It’s Cyber Monday for Cyber Criminals, Too

By Marcia Brookey

While you are online today hunting for the best deals on that new TV, jacket or backpack, cyber criminals are also hunting. Except they are hunting for your personal information. When you enter your sensitive information into a website, you might be making yourself vulnerable to scams.

Fraudsters target shoppers via fake emails, banner ads, social media posts and even through text messages. Each year, more and more Americans opt for the convenient online shopping options, and most do a high volume of purchases over a short period of time. And with less time, people tend to be less careful.

Phishing, the most popular cyber scam, increases during the Thanksgiving-Christmas shopping season. Hackers use phishing via emails and fraudulent websites to steal your login information. They then collect credit card numbers, passwords and other sensitive information.

How Can You Shop Safely?

Take a few simple steps to protect yourself.

  1. TEMPTING DEALS MAY HIDE THREATS. Do not believe urgent calls for action, short windows of opportunity to get an unbelievable offer, or exclusive opportunities that you can’t miss. If an offer sounds too good to be true, then it’s probably not true. Stay away from suspicious free offers, deals that require you to act immediately, or those that claim to be your last chance.
  2. THINK TWICE BEFORE ACTING. Emails are the number one form of cybercrime. Do not open emails from unknown sources; do not click on suspicious links; do not open attachments from retailers or unknown senders; be cautious with emails from your known sources, except with misspellings or requests to click on suspicious links. Fraudsters impersonate retailers and your own contacts hoping to get you to click on a link that will make you vulnerable.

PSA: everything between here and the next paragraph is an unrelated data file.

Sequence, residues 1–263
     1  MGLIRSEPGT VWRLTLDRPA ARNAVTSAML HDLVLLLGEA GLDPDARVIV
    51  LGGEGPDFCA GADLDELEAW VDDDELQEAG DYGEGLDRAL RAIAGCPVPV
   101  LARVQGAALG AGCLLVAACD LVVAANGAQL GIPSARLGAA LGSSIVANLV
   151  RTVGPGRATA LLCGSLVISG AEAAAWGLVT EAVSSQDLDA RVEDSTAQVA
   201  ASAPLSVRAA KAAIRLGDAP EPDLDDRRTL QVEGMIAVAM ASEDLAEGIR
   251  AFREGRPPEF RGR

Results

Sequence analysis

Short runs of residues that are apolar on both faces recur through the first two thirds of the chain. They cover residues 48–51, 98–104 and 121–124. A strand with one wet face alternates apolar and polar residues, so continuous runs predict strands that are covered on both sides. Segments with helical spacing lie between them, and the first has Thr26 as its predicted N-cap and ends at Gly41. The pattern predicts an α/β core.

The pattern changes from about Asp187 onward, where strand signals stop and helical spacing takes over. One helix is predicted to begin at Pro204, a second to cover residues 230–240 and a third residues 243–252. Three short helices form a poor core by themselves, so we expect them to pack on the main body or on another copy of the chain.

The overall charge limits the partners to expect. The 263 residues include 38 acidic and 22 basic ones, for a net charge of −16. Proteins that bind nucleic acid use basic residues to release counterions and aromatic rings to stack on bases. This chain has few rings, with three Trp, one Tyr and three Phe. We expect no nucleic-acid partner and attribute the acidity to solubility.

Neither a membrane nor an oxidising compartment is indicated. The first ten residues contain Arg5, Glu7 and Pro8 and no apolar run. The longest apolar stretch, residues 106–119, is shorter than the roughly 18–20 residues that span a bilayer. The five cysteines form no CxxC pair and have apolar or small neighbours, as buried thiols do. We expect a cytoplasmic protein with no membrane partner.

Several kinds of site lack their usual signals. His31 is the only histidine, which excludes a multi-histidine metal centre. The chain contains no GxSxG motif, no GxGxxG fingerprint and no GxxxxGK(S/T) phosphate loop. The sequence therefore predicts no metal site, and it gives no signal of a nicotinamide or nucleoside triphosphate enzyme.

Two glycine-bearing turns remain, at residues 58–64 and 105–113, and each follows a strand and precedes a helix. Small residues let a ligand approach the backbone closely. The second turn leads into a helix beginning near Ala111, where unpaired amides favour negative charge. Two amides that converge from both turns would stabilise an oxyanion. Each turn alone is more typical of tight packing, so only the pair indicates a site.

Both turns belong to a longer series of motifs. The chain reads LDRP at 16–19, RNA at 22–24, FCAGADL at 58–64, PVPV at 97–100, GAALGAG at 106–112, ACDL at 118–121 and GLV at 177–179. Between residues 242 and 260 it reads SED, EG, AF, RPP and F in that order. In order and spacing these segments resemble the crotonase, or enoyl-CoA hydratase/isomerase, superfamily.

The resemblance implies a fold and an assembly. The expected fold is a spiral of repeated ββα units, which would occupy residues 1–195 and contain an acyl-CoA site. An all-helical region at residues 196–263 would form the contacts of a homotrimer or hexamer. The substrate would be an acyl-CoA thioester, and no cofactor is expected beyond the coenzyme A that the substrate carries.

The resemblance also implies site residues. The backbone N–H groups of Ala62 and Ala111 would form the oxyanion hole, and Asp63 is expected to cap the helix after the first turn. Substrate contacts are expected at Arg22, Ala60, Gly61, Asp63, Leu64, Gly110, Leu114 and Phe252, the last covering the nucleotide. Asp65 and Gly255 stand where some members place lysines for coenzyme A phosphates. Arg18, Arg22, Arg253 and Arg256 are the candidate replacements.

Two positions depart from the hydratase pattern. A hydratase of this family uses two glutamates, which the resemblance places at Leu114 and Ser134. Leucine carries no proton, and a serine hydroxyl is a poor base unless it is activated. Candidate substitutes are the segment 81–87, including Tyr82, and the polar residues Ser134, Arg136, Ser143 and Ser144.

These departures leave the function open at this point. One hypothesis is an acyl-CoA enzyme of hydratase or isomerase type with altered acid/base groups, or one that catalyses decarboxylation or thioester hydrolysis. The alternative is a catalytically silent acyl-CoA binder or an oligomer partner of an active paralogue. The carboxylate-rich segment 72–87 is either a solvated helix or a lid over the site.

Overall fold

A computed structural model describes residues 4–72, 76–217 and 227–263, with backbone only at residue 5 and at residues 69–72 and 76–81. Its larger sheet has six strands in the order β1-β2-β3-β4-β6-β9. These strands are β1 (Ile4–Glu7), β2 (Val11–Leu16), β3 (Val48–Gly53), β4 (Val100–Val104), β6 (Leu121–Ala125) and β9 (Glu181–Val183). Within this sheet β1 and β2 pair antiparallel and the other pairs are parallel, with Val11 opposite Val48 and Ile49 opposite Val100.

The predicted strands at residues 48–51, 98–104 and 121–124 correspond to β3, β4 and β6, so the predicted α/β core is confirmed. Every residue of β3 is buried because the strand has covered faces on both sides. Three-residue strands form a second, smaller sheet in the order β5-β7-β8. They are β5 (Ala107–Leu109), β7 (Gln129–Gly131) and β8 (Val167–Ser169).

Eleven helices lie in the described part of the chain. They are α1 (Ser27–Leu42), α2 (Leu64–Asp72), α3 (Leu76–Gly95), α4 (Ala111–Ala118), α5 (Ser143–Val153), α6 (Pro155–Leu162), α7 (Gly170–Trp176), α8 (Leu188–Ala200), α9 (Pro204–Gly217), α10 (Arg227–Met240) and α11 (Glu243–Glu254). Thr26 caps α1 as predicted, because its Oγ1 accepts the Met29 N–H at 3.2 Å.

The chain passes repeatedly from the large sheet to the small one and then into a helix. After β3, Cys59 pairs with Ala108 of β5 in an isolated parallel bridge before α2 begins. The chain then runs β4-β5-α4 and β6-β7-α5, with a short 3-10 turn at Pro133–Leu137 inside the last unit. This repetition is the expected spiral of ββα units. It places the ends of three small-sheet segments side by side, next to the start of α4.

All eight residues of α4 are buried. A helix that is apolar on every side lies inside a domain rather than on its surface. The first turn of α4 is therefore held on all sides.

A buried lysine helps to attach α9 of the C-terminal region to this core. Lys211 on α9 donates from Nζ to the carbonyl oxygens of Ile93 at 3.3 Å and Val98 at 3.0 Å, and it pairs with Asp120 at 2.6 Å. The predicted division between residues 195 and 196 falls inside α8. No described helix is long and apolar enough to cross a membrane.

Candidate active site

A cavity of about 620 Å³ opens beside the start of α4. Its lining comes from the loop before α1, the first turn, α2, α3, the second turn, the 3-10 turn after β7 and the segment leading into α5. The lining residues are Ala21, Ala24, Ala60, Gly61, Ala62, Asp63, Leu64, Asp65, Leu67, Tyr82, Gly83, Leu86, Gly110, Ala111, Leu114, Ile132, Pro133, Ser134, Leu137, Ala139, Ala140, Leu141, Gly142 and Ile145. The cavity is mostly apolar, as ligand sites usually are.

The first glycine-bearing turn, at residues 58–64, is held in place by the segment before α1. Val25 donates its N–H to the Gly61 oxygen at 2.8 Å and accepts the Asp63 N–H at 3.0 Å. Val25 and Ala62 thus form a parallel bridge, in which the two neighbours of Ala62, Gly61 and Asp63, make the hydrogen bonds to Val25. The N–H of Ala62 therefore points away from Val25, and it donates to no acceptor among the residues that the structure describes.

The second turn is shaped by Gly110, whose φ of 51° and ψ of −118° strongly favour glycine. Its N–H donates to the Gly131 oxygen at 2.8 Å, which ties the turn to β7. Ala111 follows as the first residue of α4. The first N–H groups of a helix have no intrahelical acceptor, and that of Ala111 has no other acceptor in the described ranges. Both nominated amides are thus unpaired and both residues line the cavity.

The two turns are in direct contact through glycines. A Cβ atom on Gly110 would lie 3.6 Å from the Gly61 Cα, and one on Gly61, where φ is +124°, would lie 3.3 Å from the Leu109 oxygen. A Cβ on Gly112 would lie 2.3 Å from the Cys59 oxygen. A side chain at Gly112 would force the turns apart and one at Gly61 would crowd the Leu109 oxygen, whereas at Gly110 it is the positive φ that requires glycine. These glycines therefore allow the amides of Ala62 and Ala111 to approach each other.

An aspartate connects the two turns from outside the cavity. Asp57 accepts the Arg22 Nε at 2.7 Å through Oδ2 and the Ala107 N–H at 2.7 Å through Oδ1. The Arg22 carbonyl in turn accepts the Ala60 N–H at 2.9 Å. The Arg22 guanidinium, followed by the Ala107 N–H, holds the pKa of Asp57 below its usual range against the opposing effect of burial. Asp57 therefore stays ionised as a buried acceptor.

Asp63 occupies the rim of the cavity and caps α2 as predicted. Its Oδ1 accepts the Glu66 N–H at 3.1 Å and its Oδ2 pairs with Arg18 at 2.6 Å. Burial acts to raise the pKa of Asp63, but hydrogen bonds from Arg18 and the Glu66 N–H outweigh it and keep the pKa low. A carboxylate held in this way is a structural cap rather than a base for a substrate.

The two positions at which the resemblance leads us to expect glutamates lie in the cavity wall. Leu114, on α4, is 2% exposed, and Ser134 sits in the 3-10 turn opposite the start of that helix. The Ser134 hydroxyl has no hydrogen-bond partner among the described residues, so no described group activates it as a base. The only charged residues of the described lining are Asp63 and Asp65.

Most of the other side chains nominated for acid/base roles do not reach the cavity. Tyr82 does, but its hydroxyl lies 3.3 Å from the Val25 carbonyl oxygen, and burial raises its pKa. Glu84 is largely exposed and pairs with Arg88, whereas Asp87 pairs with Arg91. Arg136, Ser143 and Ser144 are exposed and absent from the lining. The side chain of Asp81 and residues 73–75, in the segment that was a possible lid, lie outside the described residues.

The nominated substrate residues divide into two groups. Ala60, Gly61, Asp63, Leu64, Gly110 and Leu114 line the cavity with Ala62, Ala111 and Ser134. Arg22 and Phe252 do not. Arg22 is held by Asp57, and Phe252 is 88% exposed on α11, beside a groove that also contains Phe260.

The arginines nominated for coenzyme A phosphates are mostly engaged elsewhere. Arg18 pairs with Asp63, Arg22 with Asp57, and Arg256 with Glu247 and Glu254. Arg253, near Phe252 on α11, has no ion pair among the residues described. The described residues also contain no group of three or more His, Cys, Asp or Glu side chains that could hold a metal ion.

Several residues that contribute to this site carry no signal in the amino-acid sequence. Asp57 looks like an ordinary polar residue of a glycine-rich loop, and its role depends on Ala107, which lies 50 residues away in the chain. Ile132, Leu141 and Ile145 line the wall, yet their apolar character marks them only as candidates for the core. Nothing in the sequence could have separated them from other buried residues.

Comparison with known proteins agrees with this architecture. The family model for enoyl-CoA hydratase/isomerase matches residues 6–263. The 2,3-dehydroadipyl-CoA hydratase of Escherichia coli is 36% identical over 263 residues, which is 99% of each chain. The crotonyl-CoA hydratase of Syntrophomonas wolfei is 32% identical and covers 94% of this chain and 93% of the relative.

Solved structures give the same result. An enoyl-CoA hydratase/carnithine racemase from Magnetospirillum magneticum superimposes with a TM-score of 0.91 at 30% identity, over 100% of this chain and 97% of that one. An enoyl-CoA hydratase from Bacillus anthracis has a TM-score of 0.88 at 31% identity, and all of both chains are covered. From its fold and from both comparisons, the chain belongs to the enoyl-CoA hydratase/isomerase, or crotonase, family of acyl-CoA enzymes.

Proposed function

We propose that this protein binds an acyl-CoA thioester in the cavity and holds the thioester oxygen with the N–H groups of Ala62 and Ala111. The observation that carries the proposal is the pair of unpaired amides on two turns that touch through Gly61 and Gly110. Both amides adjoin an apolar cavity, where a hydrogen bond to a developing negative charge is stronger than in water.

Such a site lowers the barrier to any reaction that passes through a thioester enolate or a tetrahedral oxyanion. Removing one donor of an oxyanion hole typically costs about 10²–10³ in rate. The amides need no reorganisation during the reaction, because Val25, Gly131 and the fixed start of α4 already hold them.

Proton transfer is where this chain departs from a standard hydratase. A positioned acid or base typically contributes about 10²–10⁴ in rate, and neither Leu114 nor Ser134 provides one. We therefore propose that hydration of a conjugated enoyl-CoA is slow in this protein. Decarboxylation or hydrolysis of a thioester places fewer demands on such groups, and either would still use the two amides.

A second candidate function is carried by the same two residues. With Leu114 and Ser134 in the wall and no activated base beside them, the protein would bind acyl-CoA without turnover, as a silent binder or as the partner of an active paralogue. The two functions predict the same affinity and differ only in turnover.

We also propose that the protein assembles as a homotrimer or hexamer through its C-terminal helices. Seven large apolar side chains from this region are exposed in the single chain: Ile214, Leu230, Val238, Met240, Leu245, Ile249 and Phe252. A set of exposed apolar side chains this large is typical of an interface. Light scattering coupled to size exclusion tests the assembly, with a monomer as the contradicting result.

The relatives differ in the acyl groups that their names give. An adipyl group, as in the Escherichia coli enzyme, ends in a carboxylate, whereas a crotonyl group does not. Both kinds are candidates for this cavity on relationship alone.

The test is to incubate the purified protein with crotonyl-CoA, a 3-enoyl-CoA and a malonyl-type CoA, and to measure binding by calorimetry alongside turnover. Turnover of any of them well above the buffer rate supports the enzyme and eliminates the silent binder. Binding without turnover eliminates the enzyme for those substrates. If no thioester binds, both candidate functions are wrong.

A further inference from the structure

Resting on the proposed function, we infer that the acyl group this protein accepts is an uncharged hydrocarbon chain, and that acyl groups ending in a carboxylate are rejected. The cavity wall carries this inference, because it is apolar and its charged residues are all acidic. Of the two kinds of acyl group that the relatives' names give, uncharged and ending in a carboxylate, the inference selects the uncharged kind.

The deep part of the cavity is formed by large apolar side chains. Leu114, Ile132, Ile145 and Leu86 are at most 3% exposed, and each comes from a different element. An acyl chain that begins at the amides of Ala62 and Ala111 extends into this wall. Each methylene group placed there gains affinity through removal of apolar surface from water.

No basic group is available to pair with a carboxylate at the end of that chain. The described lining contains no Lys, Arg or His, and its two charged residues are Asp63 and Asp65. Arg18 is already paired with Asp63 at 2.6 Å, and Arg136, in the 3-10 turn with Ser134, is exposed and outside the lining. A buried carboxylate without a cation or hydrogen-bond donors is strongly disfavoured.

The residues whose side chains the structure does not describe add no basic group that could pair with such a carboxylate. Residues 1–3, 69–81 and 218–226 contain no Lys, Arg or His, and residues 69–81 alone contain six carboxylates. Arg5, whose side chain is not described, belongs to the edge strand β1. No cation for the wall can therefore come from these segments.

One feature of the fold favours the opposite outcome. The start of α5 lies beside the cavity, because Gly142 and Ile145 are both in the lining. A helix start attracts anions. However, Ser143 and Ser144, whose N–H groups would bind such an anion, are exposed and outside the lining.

3. USE A CREDIT CARD. It is easier to track and void transactions made using credit cards, as opposed to debit cards. In addition, credit card companies offer reliable fraud protection systems. If you become a victim of a financial crime, the credit card companies usually won’t hold you accountable for falling for the scam. PayPal, Venmo and ApplePay are considered trusted, secure forms of payment.
  4. BUYING IN STORE INSTEAD? USE CASH.When you pay with cash, the retailer does not collect your sensitive information, thus making you less vulnerable.
  5. BEWARE OF POP-UP ADS. While many legitimate retailers do use this form of advertising, many pop-up ads carry viruses or malware. Clicking on these can infect your computer or mobile device.
  6. VISIT ONLY SECURE WEBSITES. Refrain from clicking on links that are not secure. You can indicate if a site is secure by looking at the padlock symbol next to the URL. If the URL looks suspicious or the padlock is not shown, do not transact with the website.
  7. READ THE SMALL PRINT. Take a moment to read the retailer’s privacy statement before making a purchase. All retailers that accept credit card payment are required to comply with federal regulations on how to keep the card details secure. Retailers that capture and keep personal data must be committed to keeping the data safe from criminals. So reading the details about how your information will be used and stored can help ensure you won’t be contacted about a data breach in the future.
  8. KEEP AN EYE ON YOUR STATEMENTS. Monitoring your transactions timely during the shopping season is an important step in stopping financial crimes. Contact your credit card company or your bank immediately in case a suspicious transaction is listed.

Now back to the TV offers and happy safe shopping!

Marcia Brookey, APR
Vice President and Director of Marketing

(918) 744-0553
MBrookey@TrustOk.com